Church & Culture
A Matter of Integrity: Why Christians Must Stop Taking the Fake News Bait
Including a simple 4-step check-list to help us stop passing fake news along.

Truth matters.

Especially as followers of Jesus.

Christians should have the reputation for being the most truthful people on earth. But we don’t.

Instead, whenever I’m on social media and see a tagline like, ‘This is huge, if true’ linking to a news item, (which, of course, is never true) it’s as likely to have been posted by a fellow Christian as a non-Christian.

The Rise of Fake News

Fake News has become a hot topic lately.

And no, I’m not talking about satire sites like The Onion, Lark News or The Babylon Bee. I’m talking about false stories passing themselves off as true.

Sometimes it’s by sincere people who don’t know they’re passing along questionable information. At other times it’s from intentionally fake sites with an agenda. They want to disrupt and undermine those they disagree with, so they post fake stories to bait people into passing it along.

The church is one of their targets.

And Christians keep taking the bait.

So. Many. Times.

Truth Must Be Our Highest Priority

Christians should be the last people on earth who traffic in fake news. Even unintentionally. The fact that we didn’t know it was fake is no excuse.

Christians should be the last people on earth who traffic in fake news. Even unintentionally.

We need to be rigorous about our fact-checking. In our sermons and our conversations. Online and in person. The integrity of the church depends on it.

This is not a game we’re playing. When the integrity of the church gets undermined, the reliability of the gospel message gets called into question. With devastating consequences. And not just for us. There are eternal lives at stake.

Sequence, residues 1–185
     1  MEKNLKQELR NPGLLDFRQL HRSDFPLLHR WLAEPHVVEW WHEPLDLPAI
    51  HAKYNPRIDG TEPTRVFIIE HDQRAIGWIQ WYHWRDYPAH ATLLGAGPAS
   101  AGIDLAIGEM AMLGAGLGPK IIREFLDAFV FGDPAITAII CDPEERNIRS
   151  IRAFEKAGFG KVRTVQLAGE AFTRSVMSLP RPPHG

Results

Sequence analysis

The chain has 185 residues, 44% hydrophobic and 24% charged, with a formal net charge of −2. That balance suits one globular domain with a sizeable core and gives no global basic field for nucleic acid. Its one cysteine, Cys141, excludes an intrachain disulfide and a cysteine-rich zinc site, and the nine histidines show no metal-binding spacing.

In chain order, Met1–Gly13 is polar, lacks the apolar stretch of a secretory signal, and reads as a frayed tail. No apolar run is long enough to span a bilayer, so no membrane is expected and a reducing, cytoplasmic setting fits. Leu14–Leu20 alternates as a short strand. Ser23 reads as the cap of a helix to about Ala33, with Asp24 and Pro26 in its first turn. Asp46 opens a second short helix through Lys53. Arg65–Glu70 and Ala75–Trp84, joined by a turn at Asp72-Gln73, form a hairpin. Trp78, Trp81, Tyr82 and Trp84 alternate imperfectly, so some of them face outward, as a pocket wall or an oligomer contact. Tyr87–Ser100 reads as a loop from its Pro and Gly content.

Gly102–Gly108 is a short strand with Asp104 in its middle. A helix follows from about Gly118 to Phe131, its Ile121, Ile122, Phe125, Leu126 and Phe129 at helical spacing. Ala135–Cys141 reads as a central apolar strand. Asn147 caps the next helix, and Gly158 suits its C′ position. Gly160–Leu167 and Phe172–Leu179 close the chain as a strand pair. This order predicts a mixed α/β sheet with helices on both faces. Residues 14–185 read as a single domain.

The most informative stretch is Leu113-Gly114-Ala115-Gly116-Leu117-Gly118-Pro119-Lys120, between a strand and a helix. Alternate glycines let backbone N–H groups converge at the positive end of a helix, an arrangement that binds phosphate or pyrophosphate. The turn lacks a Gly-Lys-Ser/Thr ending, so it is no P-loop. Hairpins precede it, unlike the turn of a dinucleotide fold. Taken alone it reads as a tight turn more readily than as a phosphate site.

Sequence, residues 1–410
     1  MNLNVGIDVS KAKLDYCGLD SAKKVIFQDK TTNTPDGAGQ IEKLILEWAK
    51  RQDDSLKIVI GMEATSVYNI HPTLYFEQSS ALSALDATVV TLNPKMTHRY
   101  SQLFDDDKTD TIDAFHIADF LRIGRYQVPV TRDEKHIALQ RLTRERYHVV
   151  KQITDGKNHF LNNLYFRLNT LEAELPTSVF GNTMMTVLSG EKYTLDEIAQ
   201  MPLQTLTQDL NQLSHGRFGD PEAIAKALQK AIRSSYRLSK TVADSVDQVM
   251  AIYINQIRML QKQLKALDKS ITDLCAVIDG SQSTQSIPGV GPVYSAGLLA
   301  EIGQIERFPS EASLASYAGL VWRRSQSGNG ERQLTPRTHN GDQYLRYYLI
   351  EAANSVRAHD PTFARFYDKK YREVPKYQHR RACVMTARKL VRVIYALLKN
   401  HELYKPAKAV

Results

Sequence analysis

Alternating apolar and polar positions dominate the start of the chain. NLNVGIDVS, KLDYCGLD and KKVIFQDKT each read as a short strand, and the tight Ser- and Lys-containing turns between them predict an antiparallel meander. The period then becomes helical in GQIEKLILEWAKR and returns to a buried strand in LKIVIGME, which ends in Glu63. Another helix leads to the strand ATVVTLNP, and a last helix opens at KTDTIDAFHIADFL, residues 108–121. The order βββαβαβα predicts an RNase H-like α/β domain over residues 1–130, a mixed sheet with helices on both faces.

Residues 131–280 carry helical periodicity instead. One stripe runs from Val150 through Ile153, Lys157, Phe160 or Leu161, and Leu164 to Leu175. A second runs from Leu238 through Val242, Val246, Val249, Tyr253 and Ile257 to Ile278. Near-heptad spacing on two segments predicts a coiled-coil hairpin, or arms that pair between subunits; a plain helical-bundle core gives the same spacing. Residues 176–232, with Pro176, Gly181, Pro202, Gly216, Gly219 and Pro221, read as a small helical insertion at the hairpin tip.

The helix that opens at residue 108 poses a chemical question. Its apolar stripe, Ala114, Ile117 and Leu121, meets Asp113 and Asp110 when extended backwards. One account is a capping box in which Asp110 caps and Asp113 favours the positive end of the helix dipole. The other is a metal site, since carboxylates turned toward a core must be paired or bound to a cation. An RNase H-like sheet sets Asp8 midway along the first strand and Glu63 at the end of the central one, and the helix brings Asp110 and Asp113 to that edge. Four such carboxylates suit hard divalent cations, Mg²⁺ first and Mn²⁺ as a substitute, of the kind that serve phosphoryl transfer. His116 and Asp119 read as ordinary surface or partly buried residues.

Telling the truth should always be a higher priority than winning an argument.

How To Avoid Passing Along Fake News

If you see a story that gets your blood pumping, but you’re not sure if it’s true, try this simple 4-step process before posting it:

1. Find out if it is true.

It’s not hard. You can do it on the device you're using right now.

Here’s a hint: if it’s only found on one source, or on a couple off-brand sources that tend to parrot the same viewpoint, it’s almost certainly not true.

2. If it is not true, do not post it.

Obviously. I hope.

3. If you are unable to find out if it's true, do not post it.

Also obviously. (I wish.)

4. If it is true and helpful, post it.

Making sure it’s helpful is as important as making sure it’s truthful.

Only post news items that you know are true and helpful. Otherwise, swipe left and post a pretty picture with a Bible verse on it instead.

Support our work. Subscribe to CT and get one year free.

January 03, 2017 at 2:36 AM

Join in the conversation about this post on Facebook.

Recent Posts
Include results from Christianity Today

Read More from Karl

Follow Christianity Today